The metamorphism is represented, schematically and superimposed on the age of the protolith, by figures that indicate the degree of metamorphism: weak, medium, strong, undifferentiated.

A particular effort has been made, as mentioned, on the geology of the seabed, which falls into three major structural domains: the passive continental margin, the oceanic basin and the Mediterranean complex zone.

Les plateaux continentaux ont été cartographiés suivant les mêmes principes qu’à terre quand cela était possible, soit sur plus des 2/3 des surfaces correspondantes. C’est particulièrement éclairant pour les grandes plates-formes nord-ouest européennes: golfe de Gascogne, Manche, mer du Nord, Baltique, zone arctique Dans le cas contraire, les marges continentales ont été figurées de manière plus schématique.

Les importants épanchements basaltiques consécutifs à l’ouverture de l’Atlantique Nord au début du Cénozoïque sont bien cartographiés, et notamment les” réflecteurs pentés vers le large” (Seaward-Dipping Reflector Series) qui bordent la marge du Groenland d’un côté, et celle des îles Britanniques et de la Norvège, de l’autre.

For the North Atlantic Basin, a classic example of an expanding ocean, the age of the original oceanic basaltic crust has been plotted, with the same hues as those of the contemporary Meso-Cenozoic deposits mapped on land. The axes of the magnetic anomalies were also plotted, as well as the ocean/continent transition zone.

Carte géologique internationale de l’Europe

The cartography of the Mediterranean Sea and its annexes has benefited from recent advances in the knowledge of this very complex area where, in a general context of compression between Africa/Arabia and Eurasia, subductions, island arcs, continental crust stretching and associated submarine volcanic peaks, collisions, tectonic expulsion (of the Anatolian block), sedimentary accretion prisms, neoformation of the Anatolian block, etc., co-exist, continental crust stretching and associated submarine volcanic peaks, collisions, tectonic expulsion (from the Anatolian block), sedimentary accretion prisms, Neogene oceanic crust neoformation (Algerian-Provençal and Tyrrhenian back-arc basins), Mesozoic residues of the Tethysian ocean s.l. (Eastern Mediterranean, Black Sea, South Caspian Basin).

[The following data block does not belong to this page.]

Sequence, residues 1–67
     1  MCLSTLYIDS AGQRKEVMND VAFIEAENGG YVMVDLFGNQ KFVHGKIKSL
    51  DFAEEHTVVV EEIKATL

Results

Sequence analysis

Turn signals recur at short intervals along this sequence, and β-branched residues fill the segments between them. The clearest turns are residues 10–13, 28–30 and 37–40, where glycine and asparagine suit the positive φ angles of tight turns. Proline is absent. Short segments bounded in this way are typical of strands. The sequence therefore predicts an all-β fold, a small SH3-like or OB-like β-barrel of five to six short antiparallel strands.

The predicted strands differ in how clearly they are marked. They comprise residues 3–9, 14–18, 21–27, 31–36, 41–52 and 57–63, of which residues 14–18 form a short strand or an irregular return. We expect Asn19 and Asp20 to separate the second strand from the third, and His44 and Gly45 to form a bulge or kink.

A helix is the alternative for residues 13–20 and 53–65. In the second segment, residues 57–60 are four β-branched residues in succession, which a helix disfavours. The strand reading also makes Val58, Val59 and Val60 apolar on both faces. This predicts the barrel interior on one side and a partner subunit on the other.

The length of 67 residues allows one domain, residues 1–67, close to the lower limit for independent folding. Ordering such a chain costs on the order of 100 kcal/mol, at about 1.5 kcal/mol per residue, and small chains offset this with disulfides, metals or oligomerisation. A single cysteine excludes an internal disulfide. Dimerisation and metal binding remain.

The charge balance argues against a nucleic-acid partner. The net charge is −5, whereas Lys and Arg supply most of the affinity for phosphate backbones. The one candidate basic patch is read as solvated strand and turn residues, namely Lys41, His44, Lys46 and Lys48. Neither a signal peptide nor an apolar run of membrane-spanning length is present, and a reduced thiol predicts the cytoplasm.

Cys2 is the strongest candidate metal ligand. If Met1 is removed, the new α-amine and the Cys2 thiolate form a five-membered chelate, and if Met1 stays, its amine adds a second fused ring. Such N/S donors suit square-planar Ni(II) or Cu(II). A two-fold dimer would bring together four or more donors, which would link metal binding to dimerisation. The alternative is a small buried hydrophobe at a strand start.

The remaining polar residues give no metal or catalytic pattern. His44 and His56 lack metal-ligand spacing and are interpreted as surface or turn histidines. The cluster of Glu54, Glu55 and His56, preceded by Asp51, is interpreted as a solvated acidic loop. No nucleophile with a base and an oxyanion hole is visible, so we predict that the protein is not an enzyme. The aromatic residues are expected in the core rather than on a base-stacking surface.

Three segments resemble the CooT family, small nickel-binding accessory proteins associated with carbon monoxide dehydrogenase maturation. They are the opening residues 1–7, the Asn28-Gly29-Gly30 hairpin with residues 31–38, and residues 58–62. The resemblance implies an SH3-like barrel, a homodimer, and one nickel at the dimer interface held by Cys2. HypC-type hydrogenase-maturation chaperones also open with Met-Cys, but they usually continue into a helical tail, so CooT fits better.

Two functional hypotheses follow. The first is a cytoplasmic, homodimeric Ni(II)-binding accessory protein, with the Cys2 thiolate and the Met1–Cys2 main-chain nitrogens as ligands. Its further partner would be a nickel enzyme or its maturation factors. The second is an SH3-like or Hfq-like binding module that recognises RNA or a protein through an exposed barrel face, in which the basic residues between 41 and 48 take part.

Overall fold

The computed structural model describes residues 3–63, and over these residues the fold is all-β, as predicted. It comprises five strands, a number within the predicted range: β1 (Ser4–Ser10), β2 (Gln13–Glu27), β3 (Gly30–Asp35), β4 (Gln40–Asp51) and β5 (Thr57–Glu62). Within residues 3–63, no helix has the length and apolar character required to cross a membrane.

The extent of the Messinian salt deposits was also mapped.

For the subsea section, simplified GEBCO bathymetry (-100 m, -200 m, -500 m, then every 1000 m) and the position of the DSDP/ODP deep ocean drillings are also provided.

Carte géologique internationale de l’Europe

The databases collected during the preparation of the model for the printing of this map have made it possible to produce a GIS (lithology and chronostratigraphy/geochronology), the conditions of availability of which will be decided at a later date by the RMO.

Pour plus d’information consulter le site :

Carte géologique internationale de l’Europe